It would appear that city officials in Naples, the gritty Italian port city best known for its pickpockets, pizza, and horrendous garbage problem
, are really
laying down the law when it comes to animal waste that’s been left to bake under the Mediterranean sun on city sidewalks by neglectful dog owners.
As reported by the New York Times
, Naples has launched a DNA database to help police nab — and fine —scofflaws who habitually fail to retrieve and properly dispose of canine cacca
. While the scheme is now in its infancy, officials hope to eventually build a database of all
the roughly 80,000 dogs in the city, allowing them to easily match an offending poop with an irresponsible person:
The idea is that every dog in the city will be given a blood test for DNA profiling in order to create a database of dogs and owners. When an offending pile is discovered, it will be scraped up and subjected to DNA testing. If a match is made in the database, the owner will face a fine of up to 500 euros, or about $685.
If this all seems vaguely familiar, it’s because some poop-plagued condo associations and apartment rental complexes in the U.S. and elsewhere have also started to employed similar DNA matching services
to help put the fear into residents prone to scoop-shirking. In the seaside community of Ipswich, Mass. one super-fired-up — or "rabid" as one anonymous resident puts it — animal control officer is pushing
for the town to invest in a DNA database that would enable him to go after offenders. But dog feces-based forensics in a bustling city — Italy’s third largest — of over 960,000 residents is an entirely different creature to be sure.
And officials such as vice mayor Tommaso Sodano are very well aware of this.
“I know some people find it funny that with all the problems the city has, we would focus on dog poop. I know that,” Sodano explains to the Times. Responding to critics who believe that the campaign is an egregious waste of money and resources, Sodano fully admits that Naples has larger and more pressing issues to tackle than deterring dog poop — issues like a crumbling infrastructure, political corruption, and, of course, the Camorra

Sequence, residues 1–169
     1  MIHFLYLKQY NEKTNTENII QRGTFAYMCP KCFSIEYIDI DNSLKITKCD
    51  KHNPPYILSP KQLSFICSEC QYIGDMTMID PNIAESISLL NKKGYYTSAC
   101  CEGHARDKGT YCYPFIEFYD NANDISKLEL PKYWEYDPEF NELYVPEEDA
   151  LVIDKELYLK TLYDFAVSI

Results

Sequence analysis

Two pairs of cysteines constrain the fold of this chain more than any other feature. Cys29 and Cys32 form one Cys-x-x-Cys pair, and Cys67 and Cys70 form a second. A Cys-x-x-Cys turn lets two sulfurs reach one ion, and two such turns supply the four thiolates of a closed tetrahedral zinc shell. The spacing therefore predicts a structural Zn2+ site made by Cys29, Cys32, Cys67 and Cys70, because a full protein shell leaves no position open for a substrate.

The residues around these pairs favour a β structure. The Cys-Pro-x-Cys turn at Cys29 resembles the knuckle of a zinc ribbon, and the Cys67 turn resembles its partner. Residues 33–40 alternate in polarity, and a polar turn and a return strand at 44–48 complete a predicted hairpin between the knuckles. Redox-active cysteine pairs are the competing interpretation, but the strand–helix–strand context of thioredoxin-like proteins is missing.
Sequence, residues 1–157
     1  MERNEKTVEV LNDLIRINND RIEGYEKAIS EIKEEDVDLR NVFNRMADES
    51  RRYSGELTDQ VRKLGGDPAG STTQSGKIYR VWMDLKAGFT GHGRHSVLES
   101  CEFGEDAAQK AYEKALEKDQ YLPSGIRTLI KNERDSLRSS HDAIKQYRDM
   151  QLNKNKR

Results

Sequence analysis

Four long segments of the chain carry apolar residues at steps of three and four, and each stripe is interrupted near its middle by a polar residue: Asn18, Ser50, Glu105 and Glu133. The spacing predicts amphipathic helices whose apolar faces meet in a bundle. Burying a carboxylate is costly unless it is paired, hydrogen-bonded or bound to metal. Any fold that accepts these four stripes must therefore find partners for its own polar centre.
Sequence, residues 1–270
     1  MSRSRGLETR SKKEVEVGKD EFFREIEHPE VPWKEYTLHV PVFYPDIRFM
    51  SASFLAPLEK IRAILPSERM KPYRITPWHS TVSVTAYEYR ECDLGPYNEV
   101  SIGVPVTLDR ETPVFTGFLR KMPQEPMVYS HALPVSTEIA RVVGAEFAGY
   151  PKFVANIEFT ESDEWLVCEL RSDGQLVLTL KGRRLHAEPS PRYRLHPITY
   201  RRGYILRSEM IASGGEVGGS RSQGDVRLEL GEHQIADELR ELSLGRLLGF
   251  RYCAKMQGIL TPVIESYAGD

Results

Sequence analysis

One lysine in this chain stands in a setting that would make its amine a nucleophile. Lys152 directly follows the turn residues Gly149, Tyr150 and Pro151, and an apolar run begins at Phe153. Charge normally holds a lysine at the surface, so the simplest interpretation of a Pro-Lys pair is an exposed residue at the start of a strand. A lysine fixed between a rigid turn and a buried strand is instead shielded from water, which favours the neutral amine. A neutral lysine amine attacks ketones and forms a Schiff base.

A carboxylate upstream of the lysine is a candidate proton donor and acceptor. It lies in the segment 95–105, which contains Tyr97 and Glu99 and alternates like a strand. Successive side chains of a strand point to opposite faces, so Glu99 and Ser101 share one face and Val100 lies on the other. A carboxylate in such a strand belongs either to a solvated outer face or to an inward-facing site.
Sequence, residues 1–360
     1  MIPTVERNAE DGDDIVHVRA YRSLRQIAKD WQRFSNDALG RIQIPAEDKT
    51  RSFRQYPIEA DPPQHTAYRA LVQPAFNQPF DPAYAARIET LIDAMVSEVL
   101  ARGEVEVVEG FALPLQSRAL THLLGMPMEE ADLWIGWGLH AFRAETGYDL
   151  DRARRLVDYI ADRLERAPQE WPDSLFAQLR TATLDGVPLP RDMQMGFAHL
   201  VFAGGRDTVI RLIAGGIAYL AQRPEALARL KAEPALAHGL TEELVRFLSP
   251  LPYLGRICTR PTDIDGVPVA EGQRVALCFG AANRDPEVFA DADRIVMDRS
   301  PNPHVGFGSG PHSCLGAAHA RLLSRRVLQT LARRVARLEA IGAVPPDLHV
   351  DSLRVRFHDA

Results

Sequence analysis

crime syndicate. But he believes that efforts to make the debt-ridden city more beautiful and “demonstrate municipal solving problem” are also important.
To date, the campaign has taken effect in the well-heeled hillside quarters of Vomero and Arenella where plainclothes police officers and city health workers take to the streets with a watchful eye for errant turds — or “presences” as Enrico Del Gaudio of the Municipal Police refers to them. “Now, when I walk the streets, the presences have greatly diminished,” Del Gaudio explains of the campaign’s success thus far. “Before, it was like an obstacle course. Every day, a child would walk into school with a little gift under her shoe.”
While officials continue to build their DNA database, the city’s veterinary hospital is busy taking blood samples from pooches to add to the registry — about 200 dogs are accounted far thus far. And for the most part, residents who bring their dogs in for testing are supportive of the campaign. Or at least they’re pretending to be supportive. Says dog owner Maria Teresa Ceccarelli: “It’s really disgusting. I don’t see people walking their dogs. I just see the results in the street.”
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